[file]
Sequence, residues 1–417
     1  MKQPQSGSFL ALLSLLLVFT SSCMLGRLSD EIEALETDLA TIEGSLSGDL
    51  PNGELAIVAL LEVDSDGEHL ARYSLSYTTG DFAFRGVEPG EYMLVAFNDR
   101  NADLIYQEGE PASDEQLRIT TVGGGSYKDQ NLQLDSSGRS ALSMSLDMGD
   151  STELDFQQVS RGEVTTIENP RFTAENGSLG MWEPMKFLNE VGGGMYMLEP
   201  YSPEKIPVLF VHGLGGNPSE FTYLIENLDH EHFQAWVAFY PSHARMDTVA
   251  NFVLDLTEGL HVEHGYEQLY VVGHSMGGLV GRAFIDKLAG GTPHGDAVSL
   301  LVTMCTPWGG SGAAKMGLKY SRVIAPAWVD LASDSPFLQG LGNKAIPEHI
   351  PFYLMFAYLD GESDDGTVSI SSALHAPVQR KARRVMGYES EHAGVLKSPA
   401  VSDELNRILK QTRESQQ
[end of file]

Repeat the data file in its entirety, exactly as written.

Sequence, residues 1–417
     1  MKQPQSGSFL ALLSLLLVFT SSCMLGRLSD EIEALETDLA TIEGSLSGDL
    51  PNGELAIVAL LEVDSDGEHL ARYSLSYTTG DFAFRGVEPG EYMLVAFNDR
   101  NADLIYQEGE PASDEQLRIT TVGGGSYKDQ NLQLDSSGRS ALSMSLDMGD
   151  STELDFQQVS RGEVTTIENP RFTAENGSLG MWEPMKFLNE VGGGMYMLEP
   201  YSPEKIPVLF VHGLGGNPSE FTYLIENLDH EHFQAWVAFY PSHARMDTVA
   251  NFVLDLTEGL HVEHGYEQLY VVGHSMGGLV GRAFIDKLAG GTPHGDAVSL
   301  LVTMCTPWGG SGAAKMGLKY SRVIAPAWVD LASDSPFLQG LGNKAIPEHI
   351  PFYLMFAYLD GESDDGTVSI SSALHAPVQR KARRVMGYES EHAGVLKSPA
   401  VSDELNRILK QTRESQQ